A Story





The following story is a unique insight into the issue of Hijab by a non-Muslim.  I consider it food for thought and this is why I have included it here.

A Chinese American Non Muslim Woman Experiments with Hijab

 by Kathy Chin, originally published in Al-Talib, the  newsmagazine of the  Muslim Students' Association of the University of  California in Los Angeles  (UCLA) in October 1994. At the time of its  publication, Kathy Chin was a  senior at UCLA majoring in Psychobiology and Women's  Studies. 

I walked down the street in my long white dress and  inch-long, black hair one afternoon, and truck drivers whistled and  shouted obscenities at me. I  felt defeated. I had just stepped out of a hair  salon. I had cut my  hair short, telling the hairdresser to trim it as she  would a guy's. I sat  numbly as my hairdresser skillfully sheared into my shoulder-length hair with her scissors, asking me with every inch she cut off if I was freaking out yet. I wasn't freaking out, but I felt self-mutilated.   I WAS OBLITERATING MY FEMININITY.  It wasn't just another haircut. It meant so much  more. I was trying to  appear androgynous by cutting my hair. I wanted to obliterate my femininity.  Yet that did not prevent some men from treating me as a sex object.  I was mistaken. It was not my femininity that was  problematic, but my sexuality, or rather the sexuality that some men had ascribed  to me based on my  biological sex. They reacted to me as they saw me  and not as I truly am.  Why should it even matter how they see me, as long as I  know who I am? But it does.  I believe that men who see women as only sexual  beings often commit  violence against them, such as rape and  battery.  Sexual abuse and assault are not only my fears, but my reality.  I was  molested and raped. My experiences with men who violated me have made me angry and frustrated. How do I stop the violence?   How do I prevent men from seeing me as an object  rather than a female? How do I stop them from equating the two?   How do I  proceed with life after experiencing what others  only dread?  The experiences have left me with questions about my  identity. Am I just  another Chinese-American female? I used to think  that I have to arrive at  a conclusion about who I am, but now I realize that my identity is constantly evolving.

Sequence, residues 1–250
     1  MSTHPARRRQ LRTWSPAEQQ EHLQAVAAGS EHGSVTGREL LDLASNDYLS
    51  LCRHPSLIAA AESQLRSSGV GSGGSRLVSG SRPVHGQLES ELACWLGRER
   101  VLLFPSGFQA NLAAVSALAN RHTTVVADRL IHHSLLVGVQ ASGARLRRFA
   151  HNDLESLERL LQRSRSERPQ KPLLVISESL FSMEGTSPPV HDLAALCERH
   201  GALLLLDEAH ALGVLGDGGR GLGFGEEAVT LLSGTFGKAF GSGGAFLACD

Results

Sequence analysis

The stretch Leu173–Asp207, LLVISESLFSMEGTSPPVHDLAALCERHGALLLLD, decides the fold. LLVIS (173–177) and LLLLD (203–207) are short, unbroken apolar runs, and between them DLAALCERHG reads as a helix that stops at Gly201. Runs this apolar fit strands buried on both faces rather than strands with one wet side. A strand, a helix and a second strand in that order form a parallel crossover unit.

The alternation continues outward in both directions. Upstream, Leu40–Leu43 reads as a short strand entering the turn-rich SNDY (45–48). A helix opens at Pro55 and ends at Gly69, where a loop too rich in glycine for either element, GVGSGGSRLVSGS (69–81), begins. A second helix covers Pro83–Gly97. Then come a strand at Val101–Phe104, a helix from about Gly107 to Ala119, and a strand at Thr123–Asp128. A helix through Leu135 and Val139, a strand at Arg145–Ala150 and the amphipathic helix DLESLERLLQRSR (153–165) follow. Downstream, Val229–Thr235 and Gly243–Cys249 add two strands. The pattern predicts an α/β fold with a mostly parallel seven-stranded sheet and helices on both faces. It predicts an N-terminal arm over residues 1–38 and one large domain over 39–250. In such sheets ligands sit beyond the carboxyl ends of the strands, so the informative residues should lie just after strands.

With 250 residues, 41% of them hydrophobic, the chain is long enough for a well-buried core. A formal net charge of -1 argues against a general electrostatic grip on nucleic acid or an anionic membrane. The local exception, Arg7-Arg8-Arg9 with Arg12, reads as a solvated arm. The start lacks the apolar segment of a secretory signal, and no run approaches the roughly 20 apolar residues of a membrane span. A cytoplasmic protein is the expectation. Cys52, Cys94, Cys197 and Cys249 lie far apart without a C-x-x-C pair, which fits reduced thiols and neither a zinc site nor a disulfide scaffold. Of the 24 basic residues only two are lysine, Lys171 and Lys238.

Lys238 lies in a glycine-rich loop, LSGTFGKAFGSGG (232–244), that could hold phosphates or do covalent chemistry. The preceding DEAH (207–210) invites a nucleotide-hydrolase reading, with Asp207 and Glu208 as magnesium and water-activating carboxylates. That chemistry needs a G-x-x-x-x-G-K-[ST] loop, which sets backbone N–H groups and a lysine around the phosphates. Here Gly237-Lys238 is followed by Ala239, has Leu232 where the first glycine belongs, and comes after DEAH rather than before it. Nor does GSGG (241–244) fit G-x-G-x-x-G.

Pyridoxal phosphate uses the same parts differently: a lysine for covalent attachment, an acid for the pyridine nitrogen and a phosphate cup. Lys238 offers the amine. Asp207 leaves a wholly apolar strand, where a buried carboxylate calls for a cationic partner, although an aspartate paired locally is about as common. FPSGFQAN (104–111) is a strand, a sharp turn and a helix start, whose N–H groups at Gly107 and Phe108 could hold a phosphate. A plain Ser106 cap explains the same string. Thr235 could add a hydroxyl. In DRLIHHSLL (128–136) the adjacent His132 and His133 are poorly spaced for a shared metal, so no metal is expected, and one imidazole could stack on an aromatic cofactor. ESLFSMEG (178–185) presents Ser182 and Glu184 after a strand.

One experience that was particularly educational was when I "dressed up" as a Muslim woman for a drive along Crenshaw Boulevard with three Muslim men as part of a news magazine project. I wore a white,  long - sleeved  cotton shirt, jeans, tennis shoes, and a flowery silk scarf that covered my head, which I borrowed from a Muslim woman. Not only did I look the part, I believed I felt the part. Of course, I wouldn't really know what it feels like to be Hijabed - I coined this word for the lack of a better term everyday, because I was not raised with Islamic teachings.  However, people perceived me as a Muslim woman and did not treat me as a  sexual being by making cruel remarks. I noticed that men's eyes did not  glide over my body as has happened when I wasn't  Hijabed. I was fully clothed, exposing only my  face.  I remembered walking into an Islamic center and an  African-American gentleman inside addressed me as "sister" and asked where I came from. I told him I was originally from China. That didn't seem to matter. There was a sense of closeness between us because he assumed I  was Muslim. I didn't know how to break the news to him because I wasn't sure if I was or not. I walked into the store that sold African jewelry and furniture and another gentleman asked me as I was walking out if I was  Muslim. I looked at him and smiled, not knowing how to respond. I chose not to answer.


Outside the store, I asked one of the Muslim men I  was with, "Am I Muslim?" He explained that everything that breathes and submits is.  I have concluded that I may be and just don't know it.  I haven't labeled myself as such yet. I don't know enough about Islam to assert that I am Muslim. Though I don't pray five times a day, go to a mosque, fast, nor cover my head with a scarf  daily, this does not mean that I am not Muslim.  These seem to be the natural manifestations of what is within.  How I am inside does not directly change whether I am Hijabed or not. It is others'  perception of me that was changed.  Repeated experiences with others in turn creates a self-image.


I consciously chose to be Hijabed because I was  searching for respect from men.  Initially, as both a Women's Studies major and a thinking female, I bought into the Western view that the wearing of a scarf is oppressive.  After this experience and much reflection, I have arrived at the conclusion that such a view is superficial and misguided: It is not if the act is motivated by conviction and understanding.


I covered up that day out of choice, and it was the most liberating experience of my life.  I now see alternatives to being a woman.  I discovered that the way I dress dictated others' reaction towards me.  It saddens me that this is a reality. It is a reality  that I have accepted, and  hose to conquer rather than be conquered by it.  It  was my sexuality that I covered, not my femininity. The covering of the  former allowed the liberation of the latter.

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